Congenital hypothyroidism does not affect the all-cause standardized mortality ratio in treated patients.[38]  Profound mental retardation is the most serious effect of untreated congenital hypothyroidism. Severe impairment of linear growth and bone maturation also occurs. Affected infants whose treatment is delayed can have neurologic problems such as spasticity and gait abnormalities, dysarthria or mutism, and autistic behavior.

Early diagnosis and treatment of congenital hypothyroidism prevents severe mental retardation and other neurologic complications.[39]  Even with early treatment, some children demonstrate mild delays in areas such as reading comprehension and arithmetic in third grade. Some of these delays improve by sixth grade. Despite treatment, individuals diagnosed by newborn screening as a group do not do as well as their euthyroid peers.[40]

Infants with delayed diagnosis or a longer time to normalize thyroid hormone levels have poorer outcomes. Although continued improvement in IQ has been documented in treated patients through adolescence, some cognitive problems may persist. These may include problems in visuospatial, language, and fine motor function. Defects in memory and attention may also be present.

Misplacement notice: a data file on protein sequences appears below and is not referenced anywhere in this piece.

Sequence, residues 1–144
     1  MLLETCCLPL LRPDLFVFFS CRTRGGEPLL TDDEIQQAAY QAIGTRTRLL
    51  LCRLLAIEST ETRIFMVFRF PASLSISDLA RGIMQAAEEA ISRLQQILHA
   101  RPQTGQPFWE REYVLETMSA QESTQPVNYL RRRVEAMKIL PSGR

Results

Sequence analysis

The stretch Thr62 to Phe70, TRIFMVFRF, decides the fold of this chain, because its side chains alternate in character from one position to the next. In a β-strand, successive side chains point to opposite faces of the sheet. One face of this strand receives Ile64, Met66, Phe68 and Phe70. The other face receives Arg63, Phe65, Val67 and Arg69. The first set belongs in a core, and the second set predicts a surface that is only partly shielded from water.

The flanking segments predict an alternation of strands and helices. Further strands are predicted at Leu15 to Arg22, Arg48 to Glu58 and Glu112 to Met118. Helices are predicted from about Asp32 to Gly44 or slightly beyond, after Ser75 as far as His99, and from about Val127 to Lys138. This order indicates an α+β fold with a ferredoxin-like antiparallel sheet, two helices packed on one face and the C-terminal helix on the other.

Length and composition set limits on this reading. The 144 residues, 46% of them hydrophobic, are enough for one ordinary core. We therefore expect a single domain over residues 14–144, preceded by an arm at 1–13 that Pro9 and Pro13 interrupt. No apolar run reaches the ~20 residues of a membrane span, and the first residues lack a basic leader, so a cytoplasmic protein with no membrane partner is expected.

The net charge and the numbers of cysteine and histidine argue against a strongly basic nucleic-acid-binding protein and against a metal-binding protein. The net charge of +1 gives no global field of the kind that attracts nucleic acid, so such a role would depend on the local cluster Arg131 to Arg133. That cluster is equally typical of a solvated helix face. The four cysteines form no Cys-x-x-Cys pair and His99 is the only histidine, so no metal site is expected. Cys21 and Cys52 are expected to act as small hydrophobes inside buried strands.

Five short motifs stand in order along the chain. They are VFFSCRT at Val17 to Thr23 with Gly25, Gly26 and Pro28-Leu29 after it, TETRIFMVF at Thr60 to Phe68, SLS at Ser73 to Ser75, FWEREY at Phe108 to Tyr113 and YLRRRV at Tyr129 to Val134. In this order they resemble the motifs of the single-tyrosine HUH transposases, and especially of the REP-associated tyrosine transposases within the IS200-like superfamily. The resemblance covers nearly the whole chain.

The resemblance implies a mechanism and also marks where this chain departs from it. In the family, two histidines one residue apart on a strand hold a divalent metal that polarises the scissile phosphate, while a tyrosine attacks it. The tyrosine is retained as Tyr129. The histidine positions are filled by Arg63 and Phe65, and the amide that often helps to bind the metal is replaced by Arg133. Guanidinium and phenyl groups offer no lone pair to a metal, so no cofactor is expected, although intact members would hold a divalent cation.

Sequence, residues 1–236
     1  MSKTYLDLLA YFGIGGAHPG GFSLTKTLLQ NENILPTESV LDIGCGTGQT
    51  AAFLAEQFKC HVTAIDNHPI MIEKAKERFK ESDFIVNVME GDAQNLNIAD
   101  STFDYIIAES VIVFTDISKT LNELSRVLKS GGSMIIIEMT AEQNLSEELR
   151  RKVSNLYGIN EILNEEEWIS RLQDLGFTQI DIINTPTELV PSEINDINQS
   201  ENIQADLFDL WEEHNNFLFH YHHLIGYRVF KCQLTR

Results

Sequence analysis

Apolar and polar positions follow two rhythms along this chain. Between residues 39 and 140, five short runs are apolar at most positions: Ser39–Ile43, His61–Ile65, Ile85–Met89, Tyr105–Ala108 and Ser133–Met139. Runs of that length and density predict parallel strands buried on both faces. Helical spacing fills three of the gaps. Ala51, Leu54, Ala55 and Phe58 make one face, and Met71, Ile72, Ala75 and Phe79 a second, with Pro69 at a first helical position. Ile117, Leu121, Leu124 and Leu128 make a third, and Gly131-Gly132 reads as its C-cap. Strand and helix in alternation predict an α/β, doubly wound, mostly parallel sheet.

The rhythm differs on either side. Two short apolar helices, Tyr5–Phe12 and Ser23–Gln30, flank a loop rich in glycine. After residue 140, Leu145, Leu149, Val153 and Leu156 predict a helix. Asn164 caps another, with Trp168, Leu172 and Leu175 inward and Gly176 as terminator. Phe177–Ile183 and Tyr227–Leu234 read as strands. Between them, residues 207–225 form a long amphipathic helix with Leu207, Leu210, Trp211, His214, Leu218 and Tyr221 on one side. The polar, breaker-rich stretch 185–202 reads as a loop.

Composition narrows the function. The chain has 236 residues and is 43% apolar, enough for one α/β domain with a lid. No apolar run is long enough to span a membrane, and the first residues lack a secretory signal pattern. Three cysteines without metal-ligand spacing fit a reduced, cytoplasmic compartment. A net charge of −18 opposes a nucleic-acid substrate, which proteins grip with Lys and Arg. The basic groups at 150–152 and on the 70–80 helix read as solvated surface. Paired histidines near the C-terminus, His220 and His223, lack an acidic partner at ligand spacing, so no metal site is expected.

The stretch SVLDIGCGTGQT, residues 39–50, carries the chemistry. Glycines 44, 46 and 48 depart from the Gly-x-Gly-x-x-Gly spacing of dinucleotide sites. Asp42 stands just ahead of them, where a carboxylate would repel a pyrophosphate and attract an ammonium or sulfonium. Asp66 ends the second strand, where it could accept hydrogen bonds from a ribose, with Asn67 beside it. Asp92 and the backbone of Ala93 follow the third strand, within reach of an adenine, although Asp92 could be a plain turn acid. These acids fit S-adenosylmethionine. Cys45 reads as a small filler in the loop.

Early studies of outcome suggested that infants without a distal femoral epiphysis did less well than those with one, although both groups had results in the normal range.[41]  The author of this study was later unable to demonstrate an effect of bone age at diagnosis on outcome.[42]  Another study was unable to demonstrate any difference in outcome in infants with or without a distal femoral epiphysis.[43]

 

Patient Education

Parents should be educated regarding their child's disorder, the potential problems associated with no treatment or inadequate treatment, and the benefits of early and appropriate treatment. This should include instructions on the proper administration of the medication and how and when to follow up with the physician. Because learning problems are possible, even with early diagnosis and treatment, parents should be advised when to seek psychomotor and educational evaluations and interventions. Early childhood intervention programs, if available, should be encouraged.